A circuit court judge in Calhoun County, Ala., is expected to rule by June 1 on whether Stringfellow Memorial Hospital, a 125-bed not-for-profit community hospital in Anniston, may move closer toward its goal of becoming a for-profit chain hospital.
Last month, Stringfellow Memorial signed a three-year management contract with Health Management Associates, a for-profit chain based in Naples, Fla. The management contract is the first step toward an eventual sale to HMA, a Stringfellow spokeswoman said.
Stringfellow Memorial was established in 1920 by Susie P. Stringfellow, who bequeathed $30,000 and her property to a trust in her name to establish a community hospital.
The catch, however, is that Mrs. Stringfellow's will stipulated that the hospital not be sold or run for a profit, said Juliette Doster, Stringfellow Memorial's chairwoman. Ms. Doster was MODERN HEALTHCARE's Trustee of the Year in 1992. She has served on the board for 34 years (Jan. 20, 1992, p. 29).
After exploring several local affiliation options, Stringfellow Memorial trustees earlier this year asked the court for permission to break the will and allow the hospital eventually to be acquired by HMA.
First, however, the court must rule on whether the hospital may enter into a mortgage for real estate, which would pave the way for further agreements, said Rob Smith, an HMA lawyer. If the court approves, Stringfellow trustees would consider a proposed 30-year management contract with HMA, said Michael Cassidy, Stringfellow's administrator.
"We need the will interpreted to allow us to generate capital (by mortgaging the assets)," Mr. Cassidy said. Unlike other hospitals, Stringfellow only has the clear authority to raise capital by putting up its equipment for security, he said.
The long-range goal of both Stringfellow and HMA is to enter into a purchase agreement, although no timetable has been agreed upon, executives of Stringfellow Memorial and HMA said.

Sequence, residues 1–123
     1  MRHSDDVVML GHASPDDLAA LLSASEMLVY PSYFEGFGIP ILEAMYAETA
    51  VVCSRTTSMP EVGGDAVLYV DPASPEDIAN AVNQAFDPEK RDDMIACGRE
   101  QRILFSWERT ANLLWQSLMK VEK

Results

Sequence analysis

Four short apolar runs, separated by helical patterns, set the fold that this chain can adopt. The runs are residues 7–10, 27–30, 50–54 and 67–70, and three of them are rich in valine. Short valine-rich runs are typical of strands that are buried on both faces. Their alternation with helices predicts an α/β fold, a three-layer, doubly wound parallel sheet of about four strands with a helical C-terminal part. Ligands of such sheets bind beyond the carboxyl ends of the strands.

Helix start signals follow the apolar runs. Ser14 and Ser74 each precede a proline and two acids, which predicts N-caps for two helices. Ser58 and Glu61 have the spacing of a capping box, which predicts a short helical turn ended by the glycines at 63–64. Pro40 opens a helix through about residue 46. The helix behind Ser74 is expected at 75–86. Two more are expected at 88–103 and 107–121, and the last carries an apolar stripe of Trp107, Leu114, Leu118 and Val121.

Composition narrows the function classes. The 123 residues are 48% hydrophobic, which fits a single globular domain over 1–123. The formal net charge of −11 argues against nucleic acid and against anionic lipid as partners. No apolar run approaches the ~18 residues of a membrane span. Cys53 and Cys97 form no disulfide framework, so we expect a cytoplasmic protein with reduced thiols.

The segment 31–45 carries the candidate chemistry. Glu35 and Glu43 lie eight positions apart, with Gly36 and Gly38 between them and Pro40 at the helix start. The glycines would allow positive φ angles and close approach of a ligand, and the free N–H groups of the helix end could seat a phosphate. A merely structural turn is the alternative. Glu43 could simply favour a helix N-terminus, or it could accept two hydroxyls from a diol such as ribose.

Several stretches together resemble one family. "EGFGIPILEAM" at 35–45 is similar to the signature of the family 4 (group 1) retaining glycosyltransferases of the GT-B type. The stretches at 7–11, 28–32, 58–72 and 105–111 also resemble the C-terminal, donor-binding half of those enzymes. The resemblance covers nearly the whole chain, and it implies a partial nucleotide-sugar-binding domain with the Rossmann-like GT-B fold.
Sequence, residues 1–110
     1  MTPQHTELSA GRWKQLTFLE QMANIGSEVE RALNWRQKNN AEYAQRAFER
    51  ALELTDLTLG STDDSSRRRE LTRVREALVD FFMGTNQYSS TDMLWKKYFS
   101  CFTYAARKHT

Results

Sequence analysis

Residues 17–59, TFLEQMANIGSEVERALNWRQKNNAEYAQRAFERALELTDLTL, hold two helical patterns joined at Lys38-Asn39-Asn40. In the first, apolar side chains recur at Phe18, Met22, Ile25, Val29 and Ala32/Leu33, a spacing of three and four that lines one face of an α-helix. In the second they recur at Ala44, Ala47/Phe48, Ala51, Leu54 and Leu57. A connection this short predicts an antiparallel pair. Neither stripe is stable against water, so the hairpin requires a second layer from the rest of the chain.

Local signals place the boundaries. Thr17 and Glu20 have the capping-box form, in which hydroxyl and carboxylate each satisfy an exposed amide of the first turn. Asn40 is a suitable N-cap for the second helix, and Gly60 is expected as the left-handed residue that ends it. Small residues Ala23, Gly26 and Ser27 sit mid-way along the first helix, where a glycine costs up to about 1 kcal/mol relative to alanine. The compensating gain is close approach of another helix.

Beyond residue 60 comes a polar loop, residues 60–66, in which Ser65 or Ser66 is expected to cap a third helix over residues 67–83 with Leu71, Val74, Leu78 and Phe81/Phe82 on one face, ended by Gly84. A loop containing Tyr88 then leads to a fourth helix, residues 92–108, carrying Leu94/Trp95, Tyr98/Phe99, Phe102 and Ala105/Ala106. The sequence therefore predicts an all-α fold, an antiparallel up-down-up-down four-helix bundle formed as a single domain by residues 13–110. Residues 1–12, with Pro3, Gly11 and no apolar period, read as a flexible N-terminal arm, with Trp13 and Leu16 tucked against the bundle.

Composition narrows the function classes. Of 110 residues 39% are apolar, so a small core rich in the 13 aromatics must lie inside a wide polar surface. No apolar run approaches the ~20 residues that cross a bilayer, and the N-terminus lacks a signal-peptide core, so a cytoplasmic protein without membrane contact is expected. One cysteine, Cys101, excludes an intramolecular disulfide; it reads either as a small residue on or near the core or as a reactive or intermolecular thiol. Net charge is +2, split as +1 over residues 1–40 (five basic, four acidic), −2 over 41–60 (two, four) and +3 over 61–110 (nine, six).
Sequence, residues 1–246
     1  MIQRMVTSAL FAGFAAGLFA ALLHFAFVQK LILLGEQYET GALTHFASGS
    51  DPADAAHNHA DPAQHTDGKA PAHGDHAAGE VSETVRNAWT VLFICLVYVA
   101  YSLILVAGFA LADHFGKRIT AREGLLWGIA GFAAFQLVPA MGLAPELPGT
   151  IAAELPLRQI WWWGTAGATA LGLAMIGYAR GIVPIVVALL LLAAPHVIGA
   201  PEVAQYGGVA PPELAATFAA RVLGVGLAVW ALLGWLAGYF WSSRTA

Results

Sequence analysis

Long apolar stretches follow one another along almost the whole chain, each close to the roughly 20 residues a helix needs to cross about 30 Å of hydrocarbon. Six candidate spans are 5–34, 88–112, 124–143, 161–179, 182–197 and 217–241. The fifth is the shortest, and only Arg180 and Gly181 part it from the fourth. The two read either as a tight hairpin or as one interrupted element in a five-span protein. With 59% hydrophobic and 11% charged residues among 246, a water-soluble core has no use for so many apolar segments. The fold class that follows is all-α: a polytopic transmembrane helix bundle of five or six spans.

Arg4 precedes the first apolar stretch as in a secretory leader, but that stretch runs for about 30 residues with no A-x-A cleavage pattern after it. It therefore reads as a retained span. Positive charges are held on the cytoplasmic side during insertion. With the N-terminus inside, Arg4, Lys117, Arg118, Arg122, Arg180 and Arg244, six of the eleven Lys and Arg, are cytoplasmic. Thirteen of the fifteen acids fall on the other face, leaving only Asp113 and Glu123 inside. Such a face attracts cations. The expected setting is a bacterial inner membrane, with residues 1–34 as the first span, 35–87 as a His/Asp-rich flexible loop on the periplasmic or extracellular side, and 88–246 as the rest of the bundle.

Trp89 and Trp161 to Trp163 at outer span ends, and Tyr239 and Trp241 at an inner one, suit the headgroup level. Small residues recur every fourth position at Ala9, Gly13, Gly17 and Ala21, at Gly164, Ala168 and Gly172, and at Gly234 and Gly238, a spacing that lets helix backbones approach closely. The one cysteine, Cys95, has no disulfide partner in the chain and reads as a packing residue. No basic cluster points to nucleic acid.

Stringfellow Memorial's long-range plans, while not openly controversial, have raised some objections, especially among the board members of its chief competitor, 286-bed Northeast Alabama Regional Medical Center.
Earlier last year, Stringfellow Memorial and Northeast Alabama discussed a possible merger. Stringfellow trustees approved a letter of intent to merge, but Northeast's trustees nixed the potential deal.
Several months later, in October, HMA made its offer to acquire Stringfellow, Ms. Doster said. Then, in December, Northeast offered to begin acquisition talks with Stringfellow, Ms. Doster said. Stringfellow's trustees declined because they already had signed a letter of intent to link with HMA.
"If I had my way we'd go back to how things were 10 years ago," Ms. Doster said. "But we can't. It's either sell (to HMA) or close. We don't want to close. This community needs two hospitals."
There are three hospitals in Calhoun County. The third is 56-bed Jacksonville (Ala.) Hospital, a public facility that's managed by Quorum Health Resources, Nashville, Tenn. Jacksonville is located 12 miles from Anniston, a small town with a population of 30,000 some 50 miles east of Birmingham.
Ms. Doster said the board voted to go with HMA because the hospital's financial condition has been deteriorating over the past two years. The census at the 125-bed facility has dipped to about 30 patients a day, she said.
In 1992, Stringfellow Memorial reported net income of $923,142 on total revenue of $17.1 million, according to HCIA, a Baltimore-based healthcare research company. Its total assets were $15.1 million in 1992 and total liabilities were $8.5 million, HCIA said.
However, Ms. Doster said the hospital lost money on operations in 1993 and that projections indicate continued losses. Mr. Cassidy declined to give precise figures.
The value of the contract with HMA wasn't disclosed.
If HMA acquires the hospital, proceeds from the sale would be funneled into the Stringfellow Trust, the hospital's foundation, to support local healthcare needs, Ms. Doster said. The trust has assets of about $100,000, which now are earmarked to purchase equipment for the hospital, Mr. Cassidy said.
With the management contract at Stringfellow, HMA now operates 22 hospitals in 11 states with 2,356 licensed beds. HMA manages three other hospitals under contract to be acquired, he said.